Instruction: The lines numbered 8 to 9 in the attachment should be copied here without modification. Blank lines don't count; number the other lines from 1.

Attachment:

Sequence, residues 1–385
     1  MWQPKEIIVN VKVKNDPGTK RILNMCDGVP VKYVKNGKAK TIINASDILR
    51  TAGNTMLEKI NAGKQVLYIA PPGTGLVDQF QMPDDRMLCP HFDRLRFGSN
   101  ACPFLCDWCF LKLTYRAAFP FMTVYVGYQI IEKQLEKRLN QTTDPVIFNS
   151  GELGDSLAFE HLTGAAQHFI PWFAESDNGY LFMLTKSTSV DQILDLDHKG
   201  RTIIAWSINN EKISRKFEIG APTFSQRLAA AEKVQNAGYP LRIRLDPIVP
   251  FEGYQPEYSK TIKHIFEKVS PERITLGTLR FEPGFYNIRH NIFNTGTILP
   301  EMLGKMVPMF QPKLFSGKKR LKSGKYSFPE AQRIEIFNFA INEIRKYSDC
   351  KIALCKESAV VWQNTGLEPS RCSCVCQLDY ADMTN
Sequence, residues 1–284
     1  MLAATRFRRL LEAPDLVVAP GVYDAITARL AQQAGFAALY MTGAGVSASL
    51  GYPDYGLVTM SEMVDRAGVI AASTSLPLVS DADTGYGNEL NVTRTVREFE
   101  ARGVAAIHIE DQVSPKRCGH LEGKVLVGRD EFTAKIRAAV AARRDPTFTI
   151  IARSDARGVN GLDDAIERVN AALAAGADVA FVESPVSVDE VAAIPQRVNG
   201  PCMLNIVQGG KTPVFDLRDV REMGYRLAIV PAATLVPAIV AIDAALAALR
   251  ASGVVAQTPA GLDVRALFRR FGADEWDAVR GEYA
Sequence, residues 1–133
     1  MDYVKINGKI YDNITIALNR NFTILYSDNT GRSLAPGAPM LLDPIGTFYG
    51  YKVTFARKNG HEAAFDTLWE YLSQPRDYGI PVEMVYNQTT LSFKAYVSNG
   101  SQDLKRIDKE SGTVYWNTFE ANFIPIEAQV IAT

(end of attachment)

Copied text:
   301  EMLGKMVPMF QPKLFSGKKR LKSGKYSFPE AQRIEIFNFA INEIRKYSDC
   351  KIALCKESAV VWQNTGLEPS RCSCVCQLDY ADMTN